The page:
Killers of Eden struck out then for their vicarious thrills.
Old Tom was undisputed leader of this wretched pack.
He died in 1930 and the others came not back.

His bones remain.  A grisly sight put out there on display.
Poetic justice some would think, for he showed no dismay
when luring others to their feast on shared delights.
A cannibalistic banquet, consumed at dead of night.

The victims tongue and lips were sought, though not for love or passion
but rather as a delicacy, consumed in mordant fashion.
The carcass then was cast aside...left to decomposition.
A floating, rotting, stinking corpse, requiring no mortician.

But how pray tell did Tom escape the justice and the law?
His deeds were seen by many and told of by many more.
The Black Killer of Eden appeared often defended
by men who worked  alongside him, men whom he had befriended.

This Eden was no paradise, just a small fishing town
upon the coast of New South Wales, it's one place of renown
was Twofold Bay.  Humpbacks and Southern Rights would pass its door.
Killers of Eden would dart out and herd them into shore.

Then whaling boats, with steel harpoons would dart into the fray.
Blue water whipped to bright pink foam as whale blood tinged the bay.
Their cries unheard by human ears, echoed o’er ocean floor,
as Flukes beat helpless, helpless, helpless, till they beat no more.

Yes Old Tom was an Orca, and he hunted in a pack
of other killer whales, a kind of whale sheepdog attack.
His human friends rewarded him with victim’s tongues and cheeks
and seems that was payment enough, the price Old Tom did seek.

Survival of the fittest or intelligence at its best?
Whilst  Tom was helping others, for his body they'd not quest.
He lived, he swam, 
he ate, he played......
a mutual collusion.
Perhaps this was his plan...who knows...
What would be your conclusion?

Saturday, 13 December 2014


Maureen Clifford © The Scribbly Bark Poet

A darkened fading photograph hung on his granny’s wall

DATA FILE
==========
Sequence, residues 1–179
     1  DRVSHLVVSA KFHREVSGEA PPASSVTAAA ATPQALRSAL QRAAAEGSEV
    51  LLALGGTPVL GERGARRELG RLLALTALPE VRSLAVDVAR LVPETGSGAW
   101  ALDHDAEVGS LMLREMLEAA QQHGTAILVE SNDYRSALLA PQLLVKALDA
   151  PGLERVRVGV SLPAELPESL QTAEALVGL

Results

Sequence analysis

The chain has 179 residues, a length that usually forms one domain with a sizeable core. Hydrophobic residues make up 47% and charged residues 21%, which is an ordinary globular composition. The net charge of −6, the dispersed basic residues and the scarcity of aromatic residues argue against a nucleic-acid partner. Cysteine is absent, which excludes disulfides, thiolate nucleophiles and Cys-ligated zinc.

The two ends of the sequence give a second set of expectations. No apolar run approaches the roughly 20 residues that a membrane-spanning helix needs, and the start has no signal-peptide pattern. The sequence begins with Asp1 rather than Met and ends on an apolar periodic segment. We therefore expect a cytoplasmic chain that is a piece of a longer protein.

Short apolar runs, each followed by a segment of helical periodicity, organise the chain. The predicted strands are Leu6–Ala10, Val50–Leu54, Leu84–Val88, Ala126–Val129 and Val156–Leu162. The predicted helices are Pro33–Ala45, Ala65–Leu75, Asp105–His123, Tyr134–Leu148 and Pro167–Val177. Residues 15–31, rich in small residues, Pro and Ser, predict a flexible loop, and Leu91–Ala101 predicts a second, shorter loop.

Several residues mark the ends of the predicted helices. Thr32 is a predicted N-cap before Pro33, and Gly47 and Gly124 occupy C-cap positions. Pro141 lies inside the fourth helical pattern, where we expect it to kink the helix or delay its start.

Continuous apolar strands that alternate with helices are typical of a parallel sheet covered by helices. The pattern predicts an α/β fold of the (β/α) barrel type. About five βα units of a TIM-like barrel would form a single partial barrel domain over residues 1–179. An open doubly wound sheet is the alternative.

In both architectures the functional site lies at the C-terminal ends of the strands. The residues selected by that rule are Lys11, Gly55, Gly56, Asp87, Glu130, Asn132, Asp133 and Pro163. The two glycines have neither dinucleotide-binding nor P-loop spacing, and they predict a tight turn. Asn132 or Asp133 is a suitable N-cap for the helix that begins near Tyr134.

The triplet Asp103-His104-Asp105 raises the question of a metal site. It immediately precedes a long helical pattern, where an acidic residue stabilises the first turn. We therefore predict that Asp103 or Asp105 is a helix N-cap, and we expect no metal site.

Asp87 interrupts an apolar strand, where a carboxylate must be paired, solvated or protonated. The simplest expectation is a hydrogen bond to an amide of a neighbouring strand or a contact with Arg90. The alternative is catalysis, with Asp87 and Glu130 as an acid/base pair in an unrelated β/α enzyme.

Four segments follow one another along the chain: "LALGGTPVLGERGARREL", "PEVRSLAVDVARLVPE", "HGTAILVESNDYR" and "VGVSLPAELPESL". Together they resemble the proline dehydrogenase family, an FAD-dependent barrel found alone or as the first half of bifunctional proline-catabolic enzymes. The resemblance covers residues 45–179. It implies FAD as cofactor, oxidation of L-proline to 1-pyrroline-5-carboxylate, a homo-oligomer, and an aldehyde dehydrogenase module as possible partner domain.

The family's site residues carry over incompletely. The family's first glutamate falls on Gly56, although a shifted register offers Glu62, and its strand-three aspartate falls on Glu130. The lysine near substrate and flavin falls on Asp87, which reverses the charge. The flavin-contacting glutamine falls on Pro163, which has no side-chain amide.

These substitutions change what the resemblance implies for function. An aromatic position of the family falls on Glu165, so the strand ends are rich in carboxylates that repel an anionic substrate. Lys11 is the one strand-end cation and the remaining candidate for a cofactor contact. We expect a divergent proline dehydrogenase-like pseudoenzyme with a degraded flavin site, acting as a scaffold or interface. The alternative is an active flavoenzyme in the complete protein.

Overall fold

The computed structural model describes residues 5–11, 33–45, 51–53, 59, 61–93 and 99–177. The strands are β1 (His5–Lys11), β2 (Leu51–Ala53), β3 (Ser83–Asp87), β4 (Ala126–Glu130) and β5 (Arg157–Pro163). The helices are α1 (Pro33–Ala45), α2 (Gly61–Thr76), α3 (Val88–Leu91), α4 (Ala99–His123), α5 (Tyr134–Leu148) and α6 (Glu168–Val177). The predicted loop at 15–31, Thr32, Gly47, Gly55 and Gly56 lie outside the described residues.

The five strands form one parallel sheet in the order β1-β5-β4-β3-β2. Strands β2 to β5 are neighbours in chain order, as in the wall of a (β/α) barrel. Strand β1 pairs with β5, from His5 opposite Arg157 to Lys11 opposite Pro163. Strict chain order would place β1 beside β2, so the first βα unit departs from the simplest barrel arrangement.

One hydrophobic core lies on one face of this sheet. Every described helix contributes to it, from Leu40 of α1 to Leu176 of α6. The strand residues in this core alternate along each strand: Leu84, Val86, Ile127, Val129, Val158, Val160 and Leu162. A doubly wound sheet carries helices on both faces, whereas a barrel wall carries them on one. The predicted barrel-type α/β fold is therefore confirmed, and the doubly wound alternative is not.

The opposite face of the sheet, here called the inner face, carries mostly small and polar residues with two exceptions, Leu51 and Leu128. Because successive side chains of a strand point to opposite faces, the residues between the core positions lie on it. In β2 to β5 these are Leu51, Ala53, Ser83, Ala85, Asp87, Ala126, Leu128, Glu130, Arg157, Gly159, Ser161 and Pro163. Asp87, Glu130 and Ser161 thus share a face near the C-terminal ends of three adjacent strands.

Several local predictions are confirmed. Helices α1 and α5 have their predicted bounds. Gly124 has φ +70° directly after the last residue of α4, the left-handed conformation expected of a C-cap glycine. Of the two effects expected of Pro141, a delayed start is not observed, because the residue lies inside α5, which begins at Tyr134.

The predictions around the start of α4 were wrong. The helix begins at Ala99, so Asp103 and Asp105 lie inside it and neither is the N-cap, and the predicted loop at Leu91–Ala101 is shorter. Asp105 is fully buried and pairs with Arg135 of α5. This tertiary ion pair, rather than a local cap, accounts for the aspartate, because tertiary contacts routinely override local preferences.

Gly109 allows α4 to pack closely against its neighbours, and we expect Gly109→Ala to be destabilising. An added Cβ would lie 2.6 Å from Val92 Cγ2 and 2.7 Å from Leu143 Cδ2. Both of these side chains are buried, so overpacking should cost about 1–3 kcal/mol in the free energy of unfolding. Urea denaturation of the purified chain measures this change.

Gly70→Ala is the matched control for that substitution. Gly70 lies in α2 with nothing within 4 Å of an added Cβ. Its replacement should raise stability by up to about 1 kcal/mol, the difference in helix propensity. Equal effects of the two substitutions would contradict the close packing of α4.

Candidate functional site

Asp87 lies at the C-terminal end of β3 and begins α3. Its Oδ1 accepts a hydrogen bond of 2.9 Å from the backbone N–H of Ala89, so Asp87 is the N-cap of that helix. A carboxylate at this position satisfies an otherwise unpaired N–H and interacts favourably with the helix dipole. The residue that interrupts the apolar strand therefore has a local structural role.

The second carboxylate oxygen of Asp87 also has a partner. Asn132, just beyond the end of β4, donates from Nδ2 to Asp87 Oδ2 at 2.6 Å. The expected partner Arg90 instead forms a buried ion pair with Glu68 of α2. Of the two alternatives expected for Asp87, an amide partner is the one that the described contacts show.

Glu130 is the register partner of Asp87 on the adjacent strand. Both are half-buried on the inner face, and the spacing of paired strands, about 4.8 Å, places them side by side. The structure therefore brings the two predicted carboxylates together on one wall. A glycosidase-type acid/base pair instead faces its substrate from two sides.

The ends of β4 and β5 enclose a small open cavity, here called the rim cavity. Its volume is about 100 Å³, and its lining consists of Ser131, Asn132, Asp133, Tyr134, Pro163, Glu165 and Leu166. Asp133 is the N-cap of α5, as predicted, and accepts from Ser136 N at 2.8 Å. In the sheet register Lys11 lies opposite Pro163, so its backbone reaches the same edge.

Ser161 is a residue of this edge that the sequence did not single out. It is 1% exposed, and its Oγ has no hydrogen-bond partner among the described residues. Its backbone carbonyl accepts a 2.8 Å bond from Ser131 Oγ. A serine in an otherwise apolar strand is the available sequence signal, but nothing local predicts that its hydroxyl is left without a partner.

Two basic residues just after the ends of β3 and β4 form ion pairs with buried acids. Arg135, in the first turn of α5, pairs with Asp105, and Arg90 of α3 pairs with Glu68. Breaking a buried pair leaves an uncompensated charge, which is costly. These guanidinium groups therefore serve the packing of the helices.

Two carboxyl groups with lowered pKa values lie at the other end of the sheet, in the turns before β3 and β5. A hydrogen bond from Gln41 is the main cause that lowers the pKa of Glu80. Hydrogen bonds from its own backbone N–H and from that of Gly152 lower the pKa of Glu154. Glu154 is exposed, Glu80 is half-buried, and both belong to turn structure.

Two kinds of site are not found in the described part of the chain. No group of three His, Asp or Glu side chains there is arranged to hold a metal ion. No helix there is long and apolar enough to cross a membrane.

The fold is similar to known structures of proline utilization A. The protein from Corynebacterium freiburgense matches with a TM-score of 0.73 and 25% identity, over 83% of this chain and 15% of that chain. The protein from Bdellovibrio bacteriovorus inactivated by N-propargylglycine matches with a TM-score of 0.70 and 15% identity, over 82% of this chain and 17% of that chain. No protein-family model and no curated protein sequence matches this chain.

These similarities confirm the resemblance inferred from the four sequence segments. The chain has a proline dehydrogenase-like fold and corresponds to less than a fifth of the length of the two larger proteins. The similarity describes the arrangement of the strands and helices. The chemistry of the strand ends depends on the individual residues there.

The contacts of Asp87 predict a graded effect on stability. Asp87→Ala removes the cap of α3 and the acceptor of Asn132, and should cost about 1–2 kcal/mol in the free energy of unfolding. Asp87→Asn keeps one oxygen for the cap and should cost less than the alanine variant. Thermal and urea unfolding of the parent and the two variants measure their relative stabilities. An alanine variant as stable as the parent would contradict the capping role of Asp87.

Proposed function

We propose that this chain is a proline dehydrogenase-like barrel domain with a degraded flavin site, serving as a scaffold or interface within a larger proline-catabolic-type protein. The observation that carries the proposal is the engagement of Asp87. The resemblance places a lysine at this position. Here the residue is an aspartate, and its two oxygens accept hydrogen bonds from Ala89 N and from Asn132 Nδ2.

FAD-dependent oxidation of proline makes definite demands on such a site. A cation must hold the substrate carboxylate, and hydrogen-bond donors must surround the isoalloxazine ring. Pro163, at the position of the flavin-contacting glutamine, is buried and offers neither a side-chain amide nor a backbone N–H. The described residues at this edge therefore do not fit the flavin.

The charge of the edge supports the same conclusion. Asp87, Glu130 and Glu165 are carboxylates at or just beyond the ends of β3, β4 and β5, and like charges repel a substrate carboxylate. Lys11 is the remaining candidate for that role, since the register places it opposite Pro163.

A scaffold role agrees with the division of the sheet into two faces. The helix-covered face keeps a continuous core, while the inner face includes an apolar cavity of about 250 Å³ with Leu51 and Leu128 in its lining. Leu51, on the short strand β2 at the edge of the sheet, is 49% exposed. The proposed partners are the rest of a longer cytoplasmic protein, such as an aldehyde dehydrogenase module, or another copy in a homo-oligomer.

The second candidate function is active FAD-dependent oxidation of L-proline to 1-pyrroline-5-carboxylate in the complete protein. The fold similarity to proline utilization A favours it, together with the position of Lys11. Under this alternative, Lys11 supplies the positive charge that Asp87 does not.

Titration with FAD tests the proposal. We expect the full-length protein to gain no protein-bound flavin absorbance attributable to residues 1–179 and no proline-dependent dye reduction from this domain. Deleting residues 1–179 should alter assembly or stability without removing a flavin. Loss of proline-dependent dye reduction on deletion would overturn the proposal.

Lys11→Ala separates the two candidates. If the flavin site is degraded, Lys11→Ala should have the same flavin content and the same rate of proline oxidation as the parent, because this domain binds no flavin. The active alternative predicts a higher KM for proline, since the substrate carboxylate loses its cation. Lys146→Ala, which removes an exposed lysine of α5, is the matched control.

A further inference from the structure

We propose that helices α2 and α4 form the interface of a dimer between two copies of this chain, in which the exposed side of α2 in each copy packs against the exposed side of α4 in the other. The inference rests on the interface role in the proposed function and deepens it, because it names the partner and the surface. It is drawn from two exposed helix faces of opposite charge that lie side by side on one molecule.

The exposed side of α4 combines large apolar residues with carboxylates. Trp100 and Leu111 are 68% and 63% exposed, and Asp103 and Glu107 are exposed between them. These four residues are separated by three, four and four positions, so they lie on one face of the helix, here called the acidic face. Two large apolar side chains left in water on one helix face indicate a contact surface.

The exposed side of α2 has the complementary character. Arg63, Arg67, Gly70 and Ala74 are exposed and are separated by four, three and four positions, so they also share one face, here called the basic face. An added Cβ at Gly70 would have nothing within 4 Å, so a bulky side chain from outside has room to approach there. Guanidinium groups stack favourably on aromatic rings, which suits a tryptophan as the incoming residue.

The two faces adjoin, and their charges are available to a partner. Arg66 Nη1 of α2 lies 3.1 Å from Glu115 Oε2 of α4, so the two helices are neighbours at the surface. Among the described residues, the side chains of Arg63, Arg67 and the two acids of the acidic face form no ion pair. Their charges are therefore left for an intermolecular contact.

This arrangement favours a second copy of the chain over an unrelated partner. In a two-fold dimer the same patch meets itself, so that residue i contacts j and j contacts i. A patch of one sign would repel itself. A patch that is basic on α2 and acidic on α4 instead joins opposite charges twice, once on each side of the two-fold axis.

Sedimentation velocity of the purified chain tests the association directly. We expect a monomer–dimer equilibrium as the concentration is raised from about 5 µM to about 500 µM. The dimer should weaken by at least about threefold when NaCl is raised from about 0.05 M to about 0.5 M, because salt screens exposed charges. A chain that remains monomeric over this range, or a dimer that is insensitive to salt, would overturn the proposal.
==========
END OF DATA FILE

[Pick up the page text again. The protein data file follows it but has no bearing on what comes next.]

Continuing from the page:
full of a dozen people that he didn’t know at all.
Taken somewhere in Queensland where the flies and midday heat
made the clothes they wore still more bizarre as they stood on the street
in the noonday sun outside the pub – one sensed their expectation
as they waited for the billy goats to run – to stipulation.

The route was fairly simple, round the pub and up Hay Street;
sharp right, then right again on Bell and back to ‘Diggers Meet’
The first child who could make it back would win a silver cup
plus a penn’orth of boiled lollies . Thing was goats could all act up
and head to points south, east and west without much hesitation,
but this was a just a billy goat race – it wouldn’t stop the nation.

A picture stood beside her bed – a child with smiling face
held cradled in its mother’s arms beside the old sheep race.
Above, a pepperina tree spread cooling dappled shade
and sheep dotted the hillside - in the distance small lambs played.
The child wore just a singlet and a nappy in the heat
but he didn’t look much different to the kids on that old street.

Look close and you would note the resemblance around the eyes
with the boy standing beside his goat and one just might surmise
they were related and indeed they were, the young boy with the goat
was the babe in arms Great Grandfather. A country bloke of note,
who had gone to war to fight for king and country in his time
believing it was worthwhile. Wanting freedom not a crime.


The babe cradled in mother’s arms had freedom sure enough.
Freedom to do whatever and he chose to do bad stuff.
He had no time for country life ‘twas city lights he craved
he ran away from Mothers arm and chose a life depraved.
He lived in squats, he drank and smoked and never had a job
and sold himself on Sydney streets – for drugs he’d even rob.

He turned his back on family and turned his back on home
and broke his Mothers heart – he was invisible – alone,
although known to the boys in blue, a ‘rent boy’ was his tag.
a prostitute, drug user, dealer, trouble maker, fag.
And one day in an alley on a mattress stained and torn
they found him – dead and overdosed – with needles still adorned.

They held a service in the town, the townsfolk came to pray
for the young, red haired ranga they recalled from yesterday.
The kid who everyone had liked, with a good family gene,
who played footy on Sundays and was in the cricket team.
Hard to believe he’d ended thus. They shook their heads in sorrow
and rallied round the family – better days come tomorrow. 

The cortege left – went up Hay Street then circled back to Bell
to drive past all the mourners gathered to wish him farewell.